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Flashcards in Ancient Greece Deck (10)
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ca. 600 BCE.


One of the earliest life-sized greek statues, it still emulates the stances of Egyptian statutes and also had a funerary function, but Kouros is nude and liberated from the stone block, which represented stability and permanence. The greeks were interested in movement. 


Polykleitos, Doryphoros (Spear Bearer), Roman copy after bronze original, c. 450-440 BCE.


Doryphoros portrays the perfect man through mathematical proportions, he is in a contrapposto stance creating counterbalance and harmony. For the first time, sculptures seem alive, which moves away from the stiff sculptures from that of the archaic period. 


Artemision Zeus or Poseidon,

c. 460 BCE,


This is an idealized, bronze sculpture depicting a god, in an open stance. The naturalistic approach and the depiction of movement is representative of the classical period. 


Iktinos and Kallikrates, Parthenon,

447–438 BCE,

Acropolis, Athens, Greece.


Sacred space and symbolism of rebirth and democracy, voted on by Athenians. The Parthenon was an ideal system of proportion, they used entasis on the columns and was built on a curve giving the building an architectural contrapposto. 


Plan of the Parthenon, 447-438 BCE,

Acropolis, Athens, Greece.


The Parthenon was an ideal system of proportion. The stylobate and cella is 9:4 ratio. A post and lintel, peripteral, doric temple design, but also incorporates ionic elements.


Phidias, Lapith versus Centaur, South Metope, Parthenon

Athens, Greece.

447-432 BCE


Naturalistic and of perfect proportion, the overlapping bodies and barbaric nature of the centaur represents the battle of order versus chaos. The diagonal lines give you a sense of movement and action, a moment frozen in time.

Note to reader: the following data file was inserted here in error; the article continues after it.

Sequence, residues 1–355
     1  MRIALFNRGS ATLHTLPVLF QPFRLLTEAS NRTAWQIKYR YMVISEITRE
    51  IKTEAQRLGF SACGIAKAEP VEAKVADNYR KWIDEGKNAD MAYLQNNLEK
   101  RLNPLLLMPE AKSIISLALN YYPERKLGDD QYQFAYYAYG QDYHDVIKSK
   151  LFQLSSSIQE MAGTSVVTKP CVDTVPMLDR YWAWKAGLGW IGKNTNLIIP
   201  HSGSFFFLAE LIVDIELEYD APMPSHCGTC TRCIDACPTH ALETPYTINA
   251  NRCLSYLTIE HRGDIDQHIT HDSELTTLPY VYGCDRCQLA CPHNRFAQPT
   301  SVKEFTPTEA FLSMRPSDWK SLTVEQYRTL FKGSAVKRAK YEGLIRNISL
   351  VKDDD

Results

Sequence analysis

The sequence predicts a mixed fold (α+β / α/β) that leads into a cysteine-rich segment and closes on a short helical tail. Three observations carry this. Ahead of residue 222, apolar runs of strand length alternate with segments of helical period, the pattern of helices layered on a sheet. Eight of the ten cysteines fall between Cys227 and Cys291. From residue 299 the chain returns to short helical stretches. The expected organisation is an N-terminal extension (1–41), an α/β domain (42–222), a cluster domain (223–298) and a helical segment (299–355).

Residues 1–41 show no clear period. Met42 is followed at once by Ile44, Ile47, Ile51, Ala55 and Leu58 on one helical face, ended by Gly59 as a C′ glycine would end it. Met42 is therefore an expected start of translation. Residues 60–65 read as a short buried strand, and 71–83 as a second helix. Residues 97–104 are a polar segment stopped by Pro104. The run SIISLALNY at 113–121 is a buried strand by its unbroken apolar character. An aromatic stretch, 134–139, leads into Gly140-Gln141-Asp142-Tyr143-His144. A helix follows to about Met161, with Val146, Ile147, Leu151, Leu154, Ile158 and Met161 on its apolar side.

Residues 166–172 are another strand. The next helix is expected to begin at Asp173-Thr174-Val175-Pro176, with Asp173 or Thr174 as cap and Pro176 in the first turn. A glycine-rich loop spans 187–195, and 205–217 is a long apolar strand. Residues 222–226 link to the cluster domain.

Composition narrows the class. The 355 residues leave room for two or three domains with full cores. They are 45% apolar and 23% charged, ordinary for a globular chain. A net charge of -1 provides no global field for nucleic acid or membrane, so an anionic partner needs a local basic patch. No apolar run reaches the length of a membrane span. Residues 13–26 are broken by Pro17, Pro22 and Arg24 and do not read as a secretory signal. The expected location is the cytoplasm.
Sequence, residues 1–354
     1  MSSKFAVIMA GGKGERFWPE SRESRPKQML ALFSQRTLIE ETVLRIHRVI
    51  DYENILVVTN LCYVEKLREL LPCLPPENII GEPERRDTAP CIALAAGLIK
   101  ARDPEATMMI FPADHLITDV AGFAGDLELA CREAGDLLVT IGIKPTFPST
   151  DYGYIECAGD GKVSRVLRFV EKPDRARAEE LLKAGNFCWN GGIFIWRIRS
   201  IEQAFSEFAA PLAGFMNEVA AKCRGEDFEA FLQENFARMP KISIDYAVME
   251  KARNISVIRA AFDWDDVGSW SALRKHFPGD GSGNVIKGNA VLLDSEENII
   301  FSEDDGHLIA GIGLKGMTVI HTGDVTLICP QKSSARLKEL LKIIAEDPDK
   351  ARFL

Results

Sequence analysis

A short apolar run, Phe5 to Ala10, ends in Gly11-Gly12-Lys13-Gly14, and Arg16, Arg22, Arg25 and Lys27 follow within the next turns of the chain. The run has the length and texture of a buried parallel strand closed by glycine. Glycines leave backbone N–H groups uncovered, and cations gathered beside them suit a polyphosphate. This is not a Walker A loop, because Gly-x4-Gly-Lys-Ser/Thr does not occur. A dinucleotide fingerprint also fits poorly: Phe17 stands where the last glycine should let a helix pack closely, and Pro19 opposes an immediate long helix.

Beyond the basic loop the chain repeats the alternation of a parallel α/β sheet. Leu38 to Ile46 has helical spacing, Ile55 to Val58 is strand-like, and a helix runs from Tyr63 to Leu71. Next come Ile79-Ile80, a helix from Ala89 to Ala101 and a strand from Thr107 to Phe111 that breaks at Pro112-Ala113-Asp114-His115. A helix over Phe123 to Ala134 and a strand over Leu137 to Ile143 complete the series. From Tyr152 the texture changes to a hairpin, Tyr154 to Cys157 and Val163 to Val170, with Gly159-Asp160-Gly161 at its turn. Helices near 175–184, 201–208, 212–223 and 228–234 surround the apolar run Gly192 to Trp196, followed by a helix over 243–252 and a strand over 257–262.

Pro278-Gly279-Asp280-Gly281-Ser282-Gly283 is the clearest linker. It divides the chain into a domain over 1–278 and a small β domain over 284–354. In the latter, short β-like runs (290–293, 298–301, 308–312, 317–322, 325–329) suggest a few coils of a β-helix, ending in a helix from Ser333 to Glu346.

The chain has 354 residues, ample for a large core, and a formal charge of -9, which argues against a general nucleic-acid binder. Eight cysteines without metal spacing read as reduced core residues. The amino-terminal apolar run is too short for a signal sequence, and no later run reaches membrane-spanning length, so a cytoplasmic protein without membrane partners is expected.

Phidias, Procession of Women and Men, Inner Frieze (east side), Parthenon, 

Athens, Greece.

c. 447-432 BCE,


An Ionic frieze representing the Panathenaic Festival procession, for the first time a greek temple featured a human event, showing that the Parthenon celebrated the greatness of Athens and the Athenians as much as it honored Athena. This piece of the frieze depicts the invited guests and the procession as it comes to a halt, by the use of the vertical lines versus that of the south side of the frieze. 


Dying Gaul, Roman copy after bronze original

Pergamon, Turkey,

c. 230-220 BCE.

Hellenistic Greek.

A sculpture depicting a defeated Gallic warrior suffering with restraint, dying with honor. The dramatic narrative appealing to the senses and emotion is representative of the Hellenistic period. 


Nike of Samothrace,

c. 190 BCE,

Samothrace, Greece.

Hellenistic Greek.

Created to honor a sea battle and goddess Nike. She once stood on the prowl of a ship, Hellenistic statues interact with their environment and appear living and breathing. The way the fabric is draped it appears as the wind is pushing her back.


Athena (detail), Great Altar of Zeus and Athena

Pergamon, Turkey

c. 200-150 BCE,

Hellenistic Greek.